LIVE: Thrice / Refused @ Academy 1, Manchester

By Tom Walsh

Tonight is Halloween, and it’s also meant to be the day the UK leaves the European Union. Everywhere you look there are ghouls, hooded figures looking for treats, haunting images of impending doom at every turn… And then there’s all the Halloween stuff.

Brexit hasn’t happened, of course, and as the UK braces for a general election of inflammatory rhetoric, the demonisation of the working class and vacuous statements like “leave means leave” and “the people voted for no-deal”, it seems only appropriate we listen to a “bunch of Swedish guys in skinny jeans talk about politics”. It feels incredibly cathartic to see so many in attendance nodding along to Dennis Lyxzen’s impassioned speech on how capitalism is the great evil in our society. The Refused front man takes a moment in their ferocious support set to ask us “what type of world we want to live in?”, stating that “we live in a world stacked against us”. Lyxzen’s words gain a reception usually reserved for revolutionary rallies as people begin to ponder why, indeed, does the world has so many billionaires. “Capitalism needs to be be destroyed, my friends,” Lyxzen continues, “take down the one per cent”. If there was ever a band to cause a revolution, it would be Refused.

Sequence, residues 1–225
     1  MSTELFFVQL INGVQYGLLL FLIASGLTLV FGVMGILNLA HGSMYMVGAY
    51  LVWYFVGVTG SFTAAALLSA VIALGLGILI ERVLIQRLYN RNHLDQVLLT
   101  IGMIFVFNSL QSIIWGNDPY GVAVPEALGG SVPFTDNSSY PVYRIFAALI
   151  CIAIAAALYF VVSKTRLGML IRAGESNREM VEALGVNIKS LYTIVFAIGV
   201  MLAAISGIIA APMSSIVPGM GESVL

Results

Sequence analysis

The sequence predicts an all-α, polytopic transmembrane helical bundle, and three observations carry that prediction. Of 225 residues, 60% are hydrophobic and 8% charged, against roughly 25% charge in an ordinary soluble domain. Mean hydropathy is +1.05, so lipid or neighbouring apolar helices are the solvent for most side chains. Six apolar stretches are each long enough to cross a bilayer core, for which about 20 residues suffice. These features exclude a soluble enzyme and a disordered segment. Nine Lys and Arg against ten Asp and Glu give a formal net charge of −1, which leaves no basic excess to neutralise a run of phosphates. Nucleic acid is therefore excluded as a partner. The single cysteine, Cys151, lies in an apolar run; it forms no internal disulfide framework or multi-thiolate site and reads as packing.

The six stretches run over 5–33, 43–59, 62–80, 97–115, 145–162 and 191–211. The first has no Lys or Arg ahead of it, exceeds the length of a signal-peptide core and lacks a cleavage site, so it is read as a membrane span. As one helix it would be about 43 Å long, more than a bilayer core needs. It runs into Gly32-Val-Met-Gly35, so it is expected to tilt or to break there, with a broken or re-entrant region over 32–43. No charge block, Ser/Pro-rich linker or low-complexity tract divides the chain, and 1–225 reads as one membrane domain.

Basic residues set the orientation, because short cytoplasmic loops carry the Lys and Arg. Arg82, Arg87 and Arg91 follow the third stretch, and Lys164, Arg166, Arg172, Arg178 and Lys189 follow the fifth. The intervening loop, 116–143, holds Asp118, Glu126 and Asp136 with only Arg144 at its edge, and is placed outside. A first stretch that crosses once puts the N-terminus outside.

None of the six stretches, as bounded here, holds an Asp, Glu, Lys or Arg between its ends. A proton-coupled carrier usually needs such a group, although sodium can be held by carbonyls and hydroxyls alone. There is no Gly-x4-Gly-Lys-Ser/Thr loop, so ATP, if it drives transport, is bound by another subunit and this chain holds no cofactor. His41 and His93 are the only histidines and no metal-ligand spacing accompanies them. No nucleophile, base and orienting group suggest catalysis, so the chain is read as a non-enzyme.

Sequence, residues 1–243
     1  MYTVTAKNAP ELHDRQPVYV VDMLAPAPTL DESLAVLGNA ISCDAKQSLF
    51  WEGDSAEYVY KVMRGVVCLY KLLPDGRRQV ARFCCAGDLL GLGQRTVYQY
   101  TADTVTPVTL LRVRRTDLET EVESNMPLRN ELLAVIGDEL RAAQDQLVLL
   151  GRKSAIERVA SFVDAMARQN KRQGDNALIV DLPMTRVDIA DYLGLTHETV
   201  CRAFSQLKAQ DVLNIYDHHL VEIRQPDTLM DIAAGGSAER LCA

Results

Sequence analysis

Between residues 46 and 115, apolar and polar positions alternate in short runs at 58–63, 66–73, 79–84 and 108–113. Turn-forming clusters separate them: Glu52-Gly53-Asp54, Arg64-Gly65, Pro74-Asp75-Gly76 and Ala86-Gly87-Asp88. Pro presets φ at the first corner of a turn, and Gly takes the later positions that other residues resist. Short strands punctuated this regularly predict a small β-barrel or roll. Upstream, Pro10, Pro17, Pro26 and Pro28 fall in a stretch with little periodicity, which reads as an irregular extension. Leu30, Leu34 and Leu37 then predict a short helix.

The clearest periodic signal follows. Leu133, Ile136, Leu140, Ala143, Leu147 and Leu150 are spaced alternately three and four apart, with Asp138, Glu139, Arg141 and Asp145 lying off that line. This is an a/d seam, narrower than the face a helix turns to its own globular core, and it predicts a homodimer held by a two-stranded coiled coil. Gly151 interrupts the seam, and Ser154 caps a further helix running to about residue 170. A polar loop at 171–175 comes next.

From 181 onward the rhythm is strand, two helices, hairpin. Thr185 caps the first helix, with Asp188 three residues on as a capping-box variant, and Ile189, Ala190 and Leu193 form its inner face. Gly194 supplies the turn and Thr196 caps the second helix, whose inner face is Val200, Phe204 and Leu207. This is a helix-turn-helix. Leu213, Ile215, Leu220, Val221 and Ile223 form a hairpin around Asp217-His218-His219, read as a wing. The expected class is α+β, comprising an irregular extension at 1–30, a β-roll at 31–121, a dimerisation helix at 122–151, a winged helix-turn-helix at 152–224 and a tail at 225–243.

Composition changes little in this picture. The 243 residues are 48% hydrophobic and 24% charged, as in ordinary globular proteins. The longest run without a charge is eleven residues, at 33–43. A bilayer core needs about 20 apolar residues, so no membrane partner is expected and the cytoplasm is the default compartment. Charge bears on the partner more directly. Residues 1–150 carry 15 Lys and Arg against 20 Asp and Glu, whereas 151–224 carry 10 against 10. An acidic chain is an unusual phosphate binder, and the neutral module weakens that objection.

One of the most important bands to ever grace to punk music deliver a masterclass in music to soundtrack an uprising. There are enormous live versions of new tracks ‘REV001’ and the visceral ‘I Wanna Watch The World Burn’, and throwbacks to their seminal 1994 ‘The Shape of Punk To Come’ record with ‘The Deadly Rhythm’ and ‘Worms of the Senses / Faculties of the Skull’. Lyxzen is an encapsulating performer delivering guttural wilhelm screams, throwing out high kicks and gliding across the stage with all the grace of a snake-hipped ballerina. The natural end point is the iconic ‘New Noise’, ending with Refused giving a bow and a final revolutionary salute.

While a performance of this ilk would leave many headline acts trailing in the wake, this is Thrice we’re talking about. Royalty of the post-hardcore genre and a band synonymous with the emo genre of the early noughties, they match the intensity of Refused’s swagger with a melodic, hit-laden set.

They begin, however, with the gentle opening of ‘Only Us’ as Dustin Kensrue’s signature vocals soar over the venue. The ensuing 70 or so minutes is an annotated tour through the band’s extensive back catalogue. There are rapturous receptions for the emo-era classics of ‘Silhouette’ and ‘The Artist in the Ambulance’, which Kensrue summons the growling howls.

Thrice lean on their more recent material with ‘Black Honey’ and ‘Beyond The Pines’ capping a celebration of one of post-hardcore’s more underrated bands. And on a day where our social and economic futures were meant to be put into jeopardy, a celebration of these two bands is something we’d much prefer to be doing on Halloween.